• Smith is a past county manager of New Mexico’s Otero County, a mostly rural area with a population of 62,000. His responsibilities as county manager included preparation of a $35.6 million budget and supervision of 220 employees.
As county manager, Smith’s work included supervising maintenance of 1,600 miles of roads and serving as contract coordinator for a county-owned detention center used by the U.S. Immigration and Detention Center and a 1,300-bed prison used by the U.S. Marshall Service.
Smith’s work for Otero County also involved oversight on construction projects including a $970,000 courthouse renovation, $700,000 bridge construction and a $1.2 million fairground exhibit hall expansion.
Smith previously worked as town administrator of Wellfleet, a resort oceanfront community in Massachusetts. He also has worked as city manager of Calais, Maine, where about 5,000 people live.
Smith retired from the U.S. Navy in 1997 after 26 years in the military. Part of his Navy experience involved working as a commanding officer at a naval center in Bangor, Maine, where he was responsible for operations, maintenance, long-range planning and staff supervision of 150 military personnel.
Smith has a bachelor of science degree and a master’s degree in public administration.
• Stock is city administrator and acting city attorney for the City of Lamar, Colo., population 8,500. Among his achievements there have been developing a comprehensive economic development program that included the formation of an urban renewal district.
Stock also is an adjunct instructor at the Askew School of Management at Florida State University at Tallahassee. He teaches courses in leadership, administrator skills, and other areas.
From 2001 to 2007, Stock was city manager of Leesburg, Fla. The town has a population of 21,000, but city government there provides utility service to about 55,000. Stock supervised 590 city employees in Leesburg.
While at Leesburg, Stock “restored morale and built a high-performance management team by restructuring and developing existing staff,” his resume states. The city’s internal training program won a national award in 2005 from the International City and County Managers’ Association.
Stock previously worked as county administrator for Wabasha County, Minn.; as city manager and city attorney for the City of Craig, Colo.; as city attorney at Steamboat Springs, Colo.; as executive director and general counsel for the Front Range Airport Authority in Watkins, Colo.; as special counsel within the U.S. Department of the Interior in Washington D.C.; and as city attorney for the cities of Aspen and Sterling, Colo.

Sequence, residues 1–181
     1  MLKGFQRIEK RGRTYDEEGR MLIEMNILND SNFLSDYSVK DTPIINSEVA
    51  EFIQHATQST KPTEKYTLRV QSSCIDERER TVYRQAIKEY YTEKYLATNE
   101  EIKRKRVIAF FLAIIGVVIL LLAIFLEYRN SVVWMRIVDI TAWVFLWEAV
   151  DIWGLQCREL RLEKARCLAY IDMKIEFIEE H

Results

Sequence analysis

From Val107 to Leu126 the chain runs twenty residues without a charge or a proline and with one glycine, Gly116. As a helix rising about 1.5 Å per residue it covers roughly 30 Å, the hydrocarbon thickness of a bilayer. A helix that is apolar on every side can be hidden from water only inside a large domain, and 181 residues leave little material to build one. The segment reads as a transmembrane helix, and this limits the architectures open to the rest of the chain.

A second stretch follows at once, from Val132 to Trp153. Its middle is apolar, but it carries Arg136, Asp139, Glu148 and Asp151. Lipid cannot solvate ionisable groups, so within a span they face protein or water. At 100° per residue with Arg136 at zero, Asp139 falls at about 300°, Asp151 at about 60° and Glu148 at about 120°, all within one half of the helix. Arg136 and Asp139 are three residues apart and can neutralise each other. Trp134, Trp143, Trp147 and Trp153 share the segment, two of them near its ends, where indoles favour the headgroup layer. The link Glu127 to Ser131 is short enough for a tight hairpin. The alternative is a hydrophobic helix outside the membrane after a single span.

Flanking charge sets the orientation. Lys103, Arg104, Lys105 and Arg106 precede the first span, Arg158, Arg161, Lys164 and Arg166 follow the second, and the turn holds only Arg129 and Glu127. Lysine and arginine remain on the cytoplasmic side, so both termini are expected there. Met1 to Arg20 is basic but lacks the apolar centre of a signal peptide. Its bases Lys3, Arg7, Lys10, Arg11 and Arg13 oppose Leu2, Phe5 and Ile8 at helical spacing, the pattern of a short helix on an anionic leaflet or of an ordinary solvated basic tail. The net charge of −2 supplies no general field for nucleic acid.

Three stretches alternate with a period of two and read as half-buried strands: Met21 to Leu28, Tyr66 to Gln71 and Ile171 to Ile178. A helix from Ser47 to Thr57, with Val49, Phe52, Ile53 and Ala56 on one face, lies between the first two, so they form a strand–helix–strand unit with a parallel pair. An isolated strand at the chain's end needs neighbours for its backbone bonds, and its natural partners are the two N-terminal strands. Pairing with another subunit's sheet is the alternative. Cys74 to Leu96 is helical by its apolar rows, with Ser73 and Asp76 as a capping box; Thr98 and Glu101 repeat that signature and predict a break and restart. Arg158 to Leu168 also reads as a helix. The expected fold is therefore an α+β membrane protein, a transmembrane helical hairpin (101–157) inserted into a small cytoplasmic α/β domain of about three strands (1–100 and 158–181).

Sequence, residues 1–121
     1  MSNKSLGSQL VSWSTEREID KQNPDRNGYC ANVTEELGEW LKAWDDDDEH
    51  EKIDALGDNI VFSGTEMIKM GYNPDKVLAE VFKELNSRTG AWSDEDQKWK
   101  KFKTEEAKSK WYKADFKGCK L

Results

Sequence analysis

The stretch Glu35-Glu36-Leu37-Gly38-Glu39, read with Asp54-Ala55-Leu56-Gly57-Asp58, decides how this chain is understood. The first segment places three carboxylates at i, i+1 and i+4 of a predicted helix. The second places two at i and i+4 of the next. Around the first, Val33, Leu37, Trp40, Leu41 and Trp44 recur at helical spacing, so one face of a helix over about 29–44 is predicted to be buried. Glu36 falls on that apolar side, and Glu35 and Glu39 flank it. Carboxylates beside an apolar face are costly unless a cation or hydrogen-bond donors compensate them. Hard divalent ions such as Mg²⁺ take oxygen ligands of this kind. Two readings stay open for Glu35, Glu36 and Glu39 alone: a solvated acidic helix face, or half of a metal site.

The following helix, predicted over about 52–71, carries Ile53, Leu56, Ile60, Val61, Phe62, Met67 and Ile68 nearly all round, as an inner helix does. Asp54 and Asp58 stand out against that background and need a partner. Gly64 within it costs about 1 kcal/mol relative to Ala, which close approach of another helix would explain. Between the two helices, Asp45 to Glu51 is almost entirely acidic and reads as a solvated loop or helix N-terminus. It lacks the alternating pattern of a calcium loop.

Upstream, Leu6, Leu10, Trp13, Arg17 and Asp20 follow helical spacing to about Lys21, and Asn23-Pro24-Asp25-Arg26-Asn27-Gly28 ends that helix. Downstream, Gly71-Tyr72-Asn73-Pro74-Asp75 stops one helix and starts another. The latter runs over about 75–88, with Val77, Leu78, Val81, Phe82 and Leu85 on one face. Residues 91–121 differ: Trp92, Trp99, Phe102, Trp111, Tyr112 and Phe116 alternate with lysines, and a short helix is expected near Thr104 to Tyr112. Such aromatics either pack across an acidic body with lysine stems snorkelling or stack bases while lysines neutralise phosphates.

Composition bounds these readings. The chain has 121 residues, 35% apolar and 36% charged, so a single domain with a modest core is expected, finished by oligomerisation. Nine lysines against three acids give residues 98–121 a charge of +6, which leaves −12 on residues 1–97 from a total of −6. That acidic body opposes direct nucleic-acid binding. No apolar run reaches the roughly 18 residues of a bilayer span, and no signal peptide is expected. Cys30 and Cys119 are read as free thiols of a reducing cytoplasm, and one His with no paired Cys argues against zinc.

Stock has a law degree, a master of laws in taxation degree and a bachelor of arts degree.
• Vance’s most recent city employment was as town manager of the Town of Lady Lake, Fla., from March 2004 to October 2009. There, he managed more than 100 employees in a government operation that serves 14,000 residents with a $20 million budget.
He was involved in responding in the aftermath of two hurricanes and a tornado during his tenure at Lady Lake. That meant handling $2 million in aid from FEMA, among other things.
He “enticed and provided foundation for realized high end commercial development activities in excess of $100 million since March 1, 2004,” according to his resume. Also, he was involved with the institution of commercial design standards and water-friendly landscaping requirements.
Vance worked as town manager in the town of Luray, Va., a town of 4,800, from 2000 to 2003. During his time there, the town’s fund balance in reserves grew from $1.8 million to $3.5 million. He also coordinated more than $1 million worth of water and sewer improvements and “initiated ongoing downtown revitalization activities.”
Vance worked as town administrator for the town of Franklinton, N.C., where 2,200 people lived.
He has a bachelor’s degree in political science with a public administration concentration and planning minor.